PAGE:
• Fried catfish–nice seasoned cornmeal crust, not greasy, but it’s Vietnamese catfish. Tastes fine, but different texture than U.S. catfish. UPDATE: Smokin Yard’s contacted me and assured me that they serve U.S.-raised catfish. Evidently, a catfish’s texture changes throughout the year.
  • Spareribs–good flavor, but a little dry.
  • Spicy coleslaw–creamy, mild kick.
  • Collards–soft, but could use more seasoning.
  • White bread–perfect.
  • Service: very friendly staff!

They just opened, so I look forward to circling back in a few months to see how things are going.

Smokin Yard’s BBQ
900 W. 1st Avenue, Denver, CO 80225

900900 W 1st Ave, Denver, CO 80223, USA W 1

Another “Angle” on Barbecue

When I think about traditional barbecue as practiced by Native Americans, I picture smaller cuts of meat being smoked on a raised framework over a slow fire, or large chunks of meat wrapped up and cooked in trenches filled with burning hardwood coals. History has shown me that some Native Americans had a third way with barbecue—the “inclined stick” technique. In his book, The Southeastern Indians(1976), Charles Hudson culled from eighteenth-century sources that the Native Americans in the Lower Mississippi Valley “barbecued fish, small animals, and pieces of meat of larger animals by impaling them on one end of a sharpened stick; the other end of the stick was stuck in the ground with the stick inclined toward the fire. They turned hte stick from time to time to cook the meat evenly.” [emphasis added]

Roasting—make that barbecueing!—salmon today in the Pacific Northwest. Photo by Andrea Johnson

This barbecue technique was not limited to the American South, for tribes in the Pacific Northwest have long used the same approach to cook salmon. Sometimes the salmon was hung above an alder or cedar wood fire, and other times the fish were splayed on a specialized wooden frame that was then angled toward the fire. The cook could adjust the level of heat and smoking by moving the frame closer to or away from the fire. So, the next time you get into a heated discussion with someone about defining authentic barbecue, lay this angle on them.

Some Thoughts on Barbecue and Love

Dearly beloved, we are gathered in this post to celebrate the union of love and barbecue.

With the summer wedding season in full swing, love is in the air—and it is increasingly followed by the perfume of burning wood and smoking meat. Once confined to the South, more and more wedding rehearsal dinners and receptions across the country feature a barbecue-laden feast. Recently, as I was leaving his son’s wedding, a Colorado barbecue man—by way of Opelousas, Louisiana—gave me a parting gift of some alligator meat to smoke.

Some couples go whole hog for efficiency by holding their ceremony and reception at a barbecue restaurant. Texans seem to do this the most.

Photo courtesy of Soozums (Flickr).

Aside from these examples, which suggest barbecue as love ex post facto, but how does barbecue spark love? Ophelia Pinkard Taylor, in her 1984 oral history of the Juneteenth holiday in Texas, offered this: “Tradition has it that no maker of a good barbecue sauce will give the recipe to outsiders (those who are not family members). It has been noted that marriages are arranged so that the recipe can be passed on to a family seeking it.” I leave you to decide whether such counts as a shotgun wedding.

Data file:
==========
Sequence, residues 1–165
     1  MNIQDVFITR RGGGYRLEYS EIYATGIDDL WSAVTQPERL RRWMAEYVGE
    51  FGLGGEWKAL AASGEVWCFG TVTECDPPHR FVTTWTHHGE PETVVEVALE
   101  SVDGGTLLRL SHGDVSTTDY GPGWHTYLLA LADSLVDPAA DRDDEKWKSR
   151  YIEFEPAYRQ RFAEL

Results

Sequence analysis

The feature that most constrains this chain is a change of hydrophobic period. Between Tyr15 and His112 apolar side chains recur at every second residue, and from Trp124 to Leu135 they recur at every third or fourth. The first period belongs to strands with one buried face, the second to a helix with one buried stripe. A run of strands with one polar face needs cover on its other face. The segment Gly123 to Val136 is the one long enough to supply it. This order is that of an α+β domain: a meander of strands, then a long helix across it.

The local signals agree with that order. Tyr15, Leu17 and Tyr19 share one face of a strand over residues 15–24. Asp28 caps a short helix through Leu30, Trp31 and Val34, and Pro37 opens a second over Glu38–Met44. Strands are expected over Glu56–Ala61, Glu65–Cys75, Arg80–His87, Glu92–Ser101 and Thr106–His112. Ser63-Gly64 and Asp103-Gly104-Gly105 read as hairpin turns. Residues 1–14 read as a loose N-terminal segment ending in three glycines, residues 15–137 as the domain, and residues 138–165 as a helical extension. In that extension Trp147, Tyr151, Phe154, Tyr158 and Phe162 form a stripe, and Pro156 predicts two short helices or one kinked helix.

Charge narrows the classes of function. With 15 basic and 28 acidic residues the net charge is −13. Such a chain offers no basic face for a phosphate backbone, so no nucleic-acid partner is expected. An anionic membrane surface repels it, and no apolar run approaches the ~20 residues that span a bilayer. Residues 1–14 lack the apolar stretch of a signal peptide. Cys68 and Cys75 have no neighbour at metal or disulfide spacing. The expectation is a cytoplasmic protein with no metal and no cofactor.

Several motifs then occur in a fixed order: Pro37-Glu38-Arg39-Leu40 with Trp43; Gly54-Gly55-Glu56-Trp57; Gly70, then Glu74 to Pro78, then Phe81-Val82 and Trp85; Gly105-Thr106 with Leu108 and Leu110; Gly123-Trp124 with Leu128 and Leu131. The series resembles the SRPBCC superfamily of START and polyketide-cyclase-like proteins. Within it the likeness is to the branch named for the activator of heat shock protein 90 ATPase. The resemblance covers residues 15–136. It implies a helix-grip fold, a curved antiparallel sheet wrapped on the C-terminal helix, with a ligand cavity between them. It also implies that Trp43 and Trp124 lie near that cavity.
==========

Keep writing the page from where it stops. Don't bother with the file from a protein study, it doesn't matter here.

Does a Clambake Count as Barbecue?

Trying to define barbecue often sets off a fireworks display that rivals anything you saw on the 4th of July. In the spirit of stoking that fire, I ask, should the New England clambake fit under barbecue’s big tent?

Though barbecue is now the consensus meal for Independence Day celebrations in much of the country, it’s not our nation’s only outdoor-cooking tradition. In the nineteenth century, the clambake was just as popular in New England as the pit barbecue was in the South. They share some common elements: digging a pit in the ground, burning hardwood down to coals and embers, using a variety of meats (some clambakes also feature lobster, chicken, and sausage) and wrapping the food—seaweed and canvas for clams; aluminum foil and burlap for pork or beef—to create steam and/or minimize burning. The successful “bakemaster” and “pitmaster” are both revered in their communities.

Traditional clambake fare gets gussied up for a 1968 Better Homes and Gardens cookbook.

Of the many differences between clambakes and barbecues, an intriguing one is how each tradition accounts for its heritage. While acknowledging the Native American contributions in southern-style pit barbecue has waned over time, some scholars have argued that such influences are actually exaggerated within the clambake. In any case, if they’re cooking over a wood-fueled fire, I’ll invite New Englanders to bring their clams to the barbecue table.

Bison—Barbecue’s Next Frontier?

July is National Bison Month, and bison meat is roaming in from barbe-culture’s fringes to its mainstream. However, barbecue purveyors tend to offer just bison ribs and forsake the rest of the animal. (You may have had a bison burger—they’re pretty tasty for such a lean meat—but that is, of course, not barbecue.)

Photo courtesy of the National Park Service

There’s a lesson to be learned from Native Americans who developed a method for pit-cooking the entire animal. Chief Plenty-Coups of the Absarokees (Crow Indians) recalled in a 1930 interview:

Chief Plenty Coups, ca. 1880